Garden art: Trickle down effects

Garden art combines form and function to bring splendor to your grass.



From the July/August 2008 issue of the magazine.


If you think that a sprinkler is just a device for getting water onto your grass with a minimum of fuss, you haven’t seen the latest trend in garden art. Imagine free-standing sculptures that not only water your lawn, but also put on a show while doing so. “I have a brass fish that stands 30 inches high,” says Perry Molema, Canadian director of Aquascape Inc, a manufacturer of waterscape products in Brampton, Ont. “It spins on its tail and water gurgles up and splashes down. That bit of water sound drowns out urban noise and makes my backyard feel like an oasis.”

Douglas Walker of Black Creek, B.C., is one of the best known creators of what he calls kinetic sculptures for the backyard. Walker, a photographer, stumbled across the idea four years ago while designing his own garden. He wanted something to give his tiny pond a focus. “I picked up a copper pipe from a local garage sale and decided to hook up a pump to it,” says Walker. “Then I got it to sprinkle water. When it was finished, a neighbor saw it and wanted to buy it as a gift for her father.”

Walker’s fountains incorporate bits of glass and old water faucets, as well as discarded musical instruments such as tubas, saxophones and trombones. They’re built to move — or, as Walker says, “perform.” In full motion, water bubbles and gushes from horns of copper and brass, creating sprays of mist that dance in the sun. “People love the motion,” says Walker. “My sculptures are whimsical and the water ties all the pieces together. People walk away with a smile on their face when they see them.”

John Smith of Yucca Valley, Calif., is another premier garden artist. An engineer by training, he stumbled into design 10 years ago when he couldn’t find any sprinklers that he liked. He asked his brother Cyr, a painter, to help him create a sprinkler that would cast a wide spray of water, like fine rain. It took them two years to come up with their first working design. Since then, they’ve sold more than 10,000 of their works.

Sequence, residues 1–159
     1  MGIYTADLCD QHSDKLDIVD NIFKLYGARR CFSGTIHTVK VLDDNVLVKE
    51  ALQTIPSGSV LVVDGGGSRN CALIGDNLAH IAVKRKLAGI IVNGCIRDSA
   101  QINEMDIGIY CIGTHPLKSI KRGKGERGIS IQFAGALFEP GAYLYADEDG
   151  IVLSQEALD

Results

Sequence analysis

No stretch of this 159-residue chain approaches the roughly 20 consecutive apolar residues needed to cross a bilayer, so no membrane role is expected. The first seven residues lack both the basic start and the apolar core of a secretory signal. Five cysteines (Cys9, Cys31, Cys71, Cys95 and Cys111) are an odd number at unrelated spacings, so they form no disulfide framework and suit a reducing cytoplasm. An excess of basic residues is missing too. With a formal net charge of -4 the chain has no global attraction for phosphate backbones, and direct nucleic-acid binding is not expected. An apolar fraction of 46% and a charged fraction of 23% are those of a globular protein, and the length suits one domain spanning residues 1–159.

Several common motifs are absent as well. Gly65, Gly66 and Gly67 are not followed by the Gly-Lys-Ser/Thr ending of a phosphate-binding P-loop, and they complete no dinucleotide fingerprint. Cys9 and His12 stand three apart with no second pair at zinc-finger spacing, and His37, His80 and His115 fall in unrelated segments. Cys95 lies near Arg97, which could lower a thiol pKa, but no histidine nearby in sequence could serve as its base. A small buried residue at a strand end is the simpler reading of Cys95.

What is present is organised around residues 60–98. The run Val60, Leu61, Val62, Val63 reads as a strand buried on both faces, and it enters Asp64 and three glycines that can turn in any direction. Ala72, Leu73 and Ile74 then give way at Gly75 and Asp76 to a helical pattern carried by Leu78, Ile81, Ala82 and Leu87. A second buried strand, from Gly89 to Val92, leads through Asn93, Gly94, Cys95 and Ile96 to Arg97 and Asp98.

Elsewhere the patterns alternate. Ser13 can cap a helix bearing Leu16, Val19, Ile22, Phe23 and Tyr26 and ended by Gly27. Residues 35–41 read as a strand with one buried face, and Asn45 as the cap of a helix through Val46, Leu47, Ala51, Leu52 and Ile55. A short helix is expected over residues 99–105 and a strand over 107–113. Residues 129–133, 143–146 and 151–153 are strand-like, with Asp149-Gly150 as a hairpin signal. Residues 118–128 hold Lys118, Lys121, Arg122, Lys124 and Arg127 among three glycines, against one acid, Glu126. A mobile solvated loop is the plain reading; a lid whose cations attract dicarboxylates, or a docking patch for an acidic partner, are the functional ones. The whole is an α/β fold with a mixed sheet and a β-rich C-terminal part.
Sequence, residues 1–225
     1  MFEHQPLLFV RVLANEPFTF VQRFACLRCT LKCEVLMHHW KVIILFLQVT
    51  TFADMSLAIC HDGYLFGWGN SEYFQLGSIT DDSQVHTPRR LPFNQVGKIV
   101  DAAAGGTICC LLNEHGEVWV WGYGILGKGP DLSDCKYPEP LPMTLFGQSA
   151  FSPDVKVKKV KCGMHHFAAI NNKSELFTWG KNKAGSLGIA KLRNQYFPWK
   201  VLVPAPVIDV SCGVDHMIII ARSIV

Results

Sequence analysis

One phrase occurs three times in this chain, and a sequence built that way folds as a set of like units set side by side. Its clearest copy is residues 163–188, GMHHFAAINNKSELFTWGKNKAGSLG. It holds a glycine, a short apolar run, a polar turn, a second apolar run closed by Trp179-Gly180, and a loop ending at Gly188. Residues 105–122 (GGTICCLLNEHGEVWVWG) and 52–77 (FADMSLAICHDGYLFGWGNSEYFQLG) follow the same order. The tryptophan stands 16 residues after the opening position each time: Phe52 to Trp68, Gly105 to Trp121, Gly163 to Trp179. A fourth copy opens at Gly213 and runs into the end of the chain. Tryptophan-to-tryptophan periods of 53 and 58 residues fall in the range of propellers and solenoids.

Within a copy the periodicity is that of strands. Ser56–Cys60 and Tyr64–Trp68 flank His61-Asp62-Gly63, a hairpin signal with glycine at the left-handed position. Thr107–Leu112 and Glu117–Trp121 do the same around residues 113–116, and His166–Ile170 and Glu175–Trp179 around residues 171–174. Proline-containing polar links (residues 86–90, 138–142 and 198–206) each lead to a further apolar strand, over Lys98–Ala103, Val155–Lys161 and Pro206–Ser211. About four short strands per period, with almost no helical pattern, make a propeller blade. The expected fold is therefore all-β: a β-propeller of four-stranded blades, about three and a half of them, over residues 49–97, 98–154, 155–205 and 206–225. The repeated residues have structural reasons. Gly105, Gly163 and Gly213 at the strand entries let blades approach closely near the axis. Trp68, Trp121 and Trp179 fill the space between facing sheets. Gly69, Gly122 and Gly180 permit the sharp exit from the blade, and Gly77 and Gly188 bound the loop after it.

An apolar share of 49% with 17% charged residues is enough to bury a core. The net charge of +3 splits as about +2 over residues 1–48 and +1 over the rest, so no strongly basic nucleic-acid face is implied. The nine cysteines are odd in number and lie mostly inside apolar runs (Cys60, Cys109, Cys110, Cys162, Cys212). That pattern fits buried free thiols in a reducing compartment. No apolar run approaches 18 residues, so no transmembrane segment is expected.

John and Cyr work together to come up with the designs for the sprinkler heads. John then plans where to place holes to create an interesting pattern of spray. “It’s garden art first and a sprinkler second because it won’t be sprinkling much of the time,” says John. “But it’s a dynamic art, so you have to create a design that’s balanced while spinning, because you want them to create a beautiful cascade of water. Believe me, they take quite a bit of tweaking to get right.”

Rain makers: Where to shop for garden art

• To see the Smith brothers’ mobile water sculptures, visit

• To view Douglas Walker’s garden sculptures, click on His pieces are usually under two metres tall
and cost from $250 to $10,000.

• Kathleen Mand Beck is a Wisconsin artist who has developed an interesting Floral Collection of copper sprinklers with prices starting at $129. Check out
her work at

• Missa Hills of Providence, R.I., will produce sprinklers to your specifications through her website She will build sprinklers to any height and design them to water the specific shape and size of your backyard.

• Steve Rayman, a sculptor in WestDes Moines, Iowa, builds his water fountains in large geometric shapes. He constructs each work by hand, using heavy copper tubing that he claims will withstand “several lifetimes” in the garden.

• Want to build your own sprinkler? Check out It offers copper sprinkler kits starting at $140.

3 comments on “Garden art: Trickle down effects

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